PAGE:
The song's lyrics are pretty bad. BB '85 isn't exactly Exhibit A for the band's lyrical prowess. But some of the lyrics are extra cheesy. The best stuff on the '85 album is the Carl stuff, and probably then a few of the tracks from outside writers.

"California Calling" is cut from the same cloth as other 80s "retro" tracks the band did, and I don't think a ton of those were going to get them high on the charts (or good critical notices). I think "Getcha Back" was about as far as they could go as far as doing something in that 80s mode of 50s/60s "retro" that could also have some amount of success on the charts.

A few years later and *maybe* it would have been easier to market the Carl tracks to "Adult Contemporary" radio. But it's all big "ifs" and I don't think they were ever destined to have "hit singles" again; "Kokomo" was a happy fluke.
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« Reply #22 on: February 27, 2019, 01:24:06 PM »

I also recall that while they were mixing "California Dreamin'" in late 1982 at Rumbo, they also recorded an early version of "California Calling." It would be at the very least interesting to hear that early version.

I don't believe any of the 84/85 Levine recordings used old BB tracks as a basis, so whatever exists of that '82 version of "California Calling" hasn't been heard. I'm not sure how far along that '82 version got (e.g. are there vocals?).
 

Is it safe to assume that Denny had nothing to do with the recording of this 82 version?

I wonder if he even heard a single note of any of the "gems" that the band was cooking up in the last few years of his life, regardless if he contributed to their recording or not. Does anyone know?
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« Reply #23 on: February 27, 2019, 01:39:17 PM »

I also recall that while they were mixing "California Dreamin'" in late 1982 at Rumbo, they also recorded an early version of "California Calling." It would be at the very least interesting to hear that early version.

I don't believe any of the 84/85 Levine recordings used old BB tracks as a basis, so whatever exists of that '82 version of "California Calling" hasn't been heard. I'm not sure how far along that '82 version got (e.g. are there vocals?).
 

Is it safe to assume that Denny had nothing to do with the recording of this 82 version?

I wonder if he even heard a single note of any of the "gems" that the band was cooking up in the last few years of his life, regardless if he contributed to their recording or not. Does anyone know?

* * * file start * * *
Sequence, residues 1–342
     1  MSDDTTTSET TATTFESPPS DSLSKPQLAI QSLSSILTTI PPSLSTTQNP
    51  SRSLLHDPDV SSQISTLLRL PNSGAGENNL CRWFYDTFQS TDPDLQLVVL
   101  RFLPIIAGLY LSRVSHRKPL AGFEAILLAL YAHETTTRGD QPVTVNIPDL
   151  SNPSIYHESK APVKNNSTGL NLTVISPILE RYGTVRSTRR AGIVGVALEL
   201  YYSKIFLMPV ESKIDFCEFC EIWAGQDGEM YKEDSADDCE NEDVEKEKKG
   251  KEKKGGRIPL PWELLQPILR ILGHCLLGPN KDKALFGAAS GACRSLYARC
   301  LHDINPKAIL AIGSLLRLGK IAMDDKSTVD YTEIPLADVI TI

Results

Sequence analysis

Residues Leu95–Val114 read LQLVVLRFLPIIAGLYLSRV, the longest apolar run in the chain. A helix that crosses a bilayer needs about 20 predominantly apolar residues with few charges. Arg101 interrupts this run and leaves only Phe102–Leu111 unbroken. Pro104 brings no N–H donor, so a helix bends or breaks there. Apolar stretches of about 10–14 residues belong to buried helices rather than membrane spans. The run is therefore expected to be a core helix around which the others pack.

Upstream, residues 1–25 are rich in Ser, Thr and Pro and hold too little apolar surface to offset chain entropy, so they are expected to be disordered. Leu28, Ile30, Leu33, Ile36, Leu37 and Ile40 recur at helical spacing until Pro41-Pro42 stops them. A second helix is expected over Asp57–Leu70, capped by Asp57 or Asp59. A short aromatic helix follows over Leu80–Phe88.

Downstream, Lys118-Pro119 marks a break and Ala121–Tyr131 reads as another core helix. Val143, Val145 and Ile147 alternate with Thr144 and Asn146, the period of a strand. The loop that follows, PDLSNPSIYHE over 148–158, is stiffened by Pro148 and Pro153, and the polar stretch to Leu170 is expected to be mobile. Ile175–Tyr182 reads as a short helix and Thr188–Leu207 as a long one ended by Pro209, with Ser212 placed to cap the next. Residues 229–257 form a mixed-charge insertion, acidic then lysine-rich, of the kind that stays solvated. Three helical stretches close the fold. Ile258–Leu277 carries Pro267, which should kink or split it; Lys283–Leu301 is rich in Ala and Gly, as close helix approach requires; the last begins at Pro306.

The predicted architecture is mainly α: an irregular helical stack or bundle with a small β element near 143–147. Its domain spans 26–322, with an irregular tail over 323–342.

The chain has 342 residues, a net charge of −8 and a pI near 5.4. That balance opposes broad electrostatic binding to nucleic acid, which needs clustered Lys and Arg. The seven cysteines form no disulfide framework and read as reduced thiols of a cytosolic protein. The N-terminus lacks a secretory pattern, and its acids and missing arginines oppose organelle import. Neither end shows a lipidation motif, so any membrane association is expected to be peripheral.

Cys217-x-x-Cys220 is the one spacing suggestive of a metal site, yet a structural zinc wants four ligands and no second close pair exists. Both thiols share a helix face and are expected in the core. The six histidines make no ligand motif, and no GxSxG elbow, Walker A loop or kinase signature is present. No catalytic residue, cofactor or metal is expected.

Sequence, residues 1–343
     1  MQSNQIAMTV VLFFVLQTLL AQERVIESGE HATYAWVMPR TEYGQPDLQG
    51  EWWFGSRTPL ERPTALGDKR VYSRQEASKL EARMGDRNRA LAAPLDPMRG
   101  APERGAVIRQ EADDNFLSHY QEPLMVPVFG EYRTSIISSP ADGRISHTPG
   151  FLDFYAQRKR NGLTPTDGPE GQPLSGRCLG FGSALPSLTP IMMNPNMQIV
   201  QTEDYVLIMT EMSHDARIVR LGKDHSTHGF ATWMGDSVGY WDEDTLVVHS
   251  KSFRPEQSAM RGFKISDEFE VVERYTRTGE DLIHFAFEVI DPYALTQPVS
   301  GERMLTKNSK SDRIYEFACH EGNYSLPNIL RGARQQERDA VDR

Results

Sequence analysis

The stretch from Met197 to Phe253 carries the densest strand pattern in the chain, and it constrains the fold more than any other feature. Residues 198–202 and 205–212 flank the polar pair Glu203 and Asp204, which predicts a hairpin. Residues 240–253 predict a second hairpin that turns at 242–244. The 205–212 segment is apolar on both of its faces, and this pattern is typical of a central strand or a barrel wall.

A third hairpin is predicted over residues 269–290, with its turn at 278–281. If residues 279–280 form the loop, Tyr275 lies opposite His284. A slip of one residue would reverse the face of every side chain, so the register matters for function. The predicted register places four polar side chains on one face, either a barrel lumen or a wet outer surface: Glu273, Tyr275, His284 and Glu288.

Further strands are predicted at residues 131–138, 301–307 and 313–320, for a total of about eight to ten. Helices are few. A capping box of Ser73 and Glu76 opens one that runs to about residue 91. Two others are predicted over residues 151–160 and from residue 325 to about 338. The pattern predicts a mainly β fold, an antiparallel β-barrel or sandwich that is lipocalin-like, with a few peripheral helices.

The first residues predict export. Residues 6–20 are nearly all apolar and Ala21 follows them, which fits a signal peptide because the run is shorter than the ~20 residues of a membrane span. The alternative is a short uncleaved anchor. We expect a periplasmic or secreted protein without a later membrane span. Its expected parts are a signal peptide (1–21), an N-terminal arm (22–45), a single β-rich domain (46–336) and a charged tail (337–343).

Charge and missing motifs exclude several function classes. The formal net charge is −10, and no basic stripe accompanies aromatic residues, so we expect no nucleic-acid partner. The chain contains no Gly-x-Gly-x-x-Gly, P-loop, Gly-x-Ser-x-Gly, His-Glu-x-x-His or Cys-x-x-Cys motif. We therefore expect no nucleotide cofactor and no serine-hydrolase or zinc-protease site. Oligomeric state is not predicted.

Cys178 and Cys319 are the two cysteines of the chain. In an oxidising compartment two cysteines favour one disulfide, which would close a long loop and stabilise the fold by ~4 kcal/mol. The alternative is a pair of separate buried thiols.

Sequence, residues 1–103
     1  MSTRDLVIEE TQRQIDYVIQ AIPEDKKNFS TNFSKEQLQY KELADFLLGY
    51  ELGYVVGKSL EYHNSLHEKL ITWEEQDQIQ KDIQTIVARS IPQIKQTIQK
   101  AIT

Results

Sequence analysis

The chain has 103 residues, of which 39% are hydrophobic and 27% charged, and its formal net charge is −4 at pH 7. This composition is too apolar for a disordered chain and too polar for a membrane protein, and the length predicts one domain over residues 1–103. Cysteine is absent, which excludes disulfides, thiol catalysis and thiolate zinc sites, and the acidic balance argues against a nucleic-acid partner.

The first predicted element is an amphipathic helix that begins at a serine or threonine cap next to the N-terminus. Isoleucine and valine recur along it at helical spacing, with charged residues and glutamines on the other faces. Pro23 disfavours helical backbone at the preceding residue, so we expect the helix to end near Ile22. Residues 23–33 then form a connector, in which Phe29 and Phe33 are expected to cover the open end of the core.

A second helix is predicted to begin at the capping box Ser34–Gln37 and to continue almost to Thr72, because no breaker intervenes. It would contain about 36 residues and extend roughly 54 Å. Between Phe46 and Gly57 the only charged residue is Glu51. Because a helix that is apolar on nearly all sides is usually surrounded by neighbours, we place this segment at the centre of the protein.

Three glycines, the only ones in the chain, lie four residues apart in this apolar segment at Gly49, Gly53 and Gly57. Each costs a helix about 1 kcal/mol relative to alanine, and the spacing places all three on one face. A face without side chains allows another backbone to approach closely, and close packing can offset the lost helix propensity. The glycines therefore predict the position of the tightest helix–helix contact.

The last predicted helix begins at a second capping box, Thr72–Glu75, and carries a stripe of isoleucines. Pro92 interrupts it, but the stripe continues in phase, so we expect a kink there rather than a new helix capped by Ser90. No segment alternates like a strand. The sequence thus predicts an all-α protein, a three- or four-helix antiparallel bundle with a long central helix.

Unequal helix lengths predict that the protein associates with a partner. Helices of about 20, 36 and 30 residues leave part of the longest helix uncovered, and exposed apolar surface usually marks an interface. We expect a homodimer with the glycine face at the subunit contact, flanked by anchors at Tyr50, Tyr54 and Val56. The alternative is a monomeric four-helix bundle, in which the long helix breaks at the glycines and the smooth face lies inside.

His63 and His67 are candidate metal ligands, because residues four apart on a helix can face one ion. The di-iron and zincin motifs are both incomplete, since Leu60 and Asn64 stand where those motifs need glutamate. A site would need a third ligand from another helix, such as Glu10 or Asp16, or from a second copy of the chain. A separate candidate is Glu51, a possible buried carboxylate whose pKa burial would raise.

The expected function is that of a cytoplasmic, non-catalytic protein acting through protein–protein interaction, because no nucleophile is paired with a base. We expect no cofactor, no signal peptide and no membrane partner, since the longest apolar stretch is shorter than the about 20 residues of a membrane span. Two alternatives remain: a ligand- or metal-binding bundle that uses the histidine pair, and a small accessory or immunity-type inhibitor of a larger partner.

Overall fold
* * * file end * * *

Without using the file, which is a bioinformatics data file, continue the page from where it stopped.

Considering "California Dreamin'" was cut with session musicians in 1982, and that Dennis was only sporadically appearing in the studio in the early 80s and was rarely if ever doing layered group backing vocals by that point, I'd guess he's not on it.

C-man posted this several years back in a thread focusing on whether Brian was on the track:

Interestingly, the original report on the May 1982 "California Dreamin'" vocal session at Rumbo (printed in the Summer '82 issue of "Add Some Music") was that it "featured the entire Beach Boy vocal ensemble - including Carl and Brian".  Reason Carl would be specifically mentioned is that he had just then returned to the band.  But since both Jeff and Adrian were in the band at the time (and both are credited with "backup" on the Radio Shack "Rock and Roll City" cassette released a year later - which included, of course, the original '82 version of this track) my guess is they are BOTH on it.  They were certainly part of the "Beach Boy vocal ensemble" at the time.

I remember a super old thread, maybe even on an old board, trying to figure out who is doing the falsetto/high parts on "CD." All theories are on the table, including Brian, Bruce, Foskett, or Adrian Baker.
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« Reply #24 on: February 27, 2019, 04:32:41 PM »

I was 15 when this came out and I played for a friend and I remember we were both laughing out loud at these terrible lyrics:

And I'll take ya' boogie boardin' with me
'Cause when we're surfin' it's so great to be free
And when you're on a California beach
You might even find 'em windsurfin' too

In the fifties it was "Hey Daddy O"
Then came the surfers and the Hodads ya' know
We had our woodies and our custom cars
And when we drove around we knew we were bad

My baby listens to my car radio
And when we're cruisin' lets the whole world know
And when our favorite surfin' song comes on
We always let 'em know it's "Totally Rad!"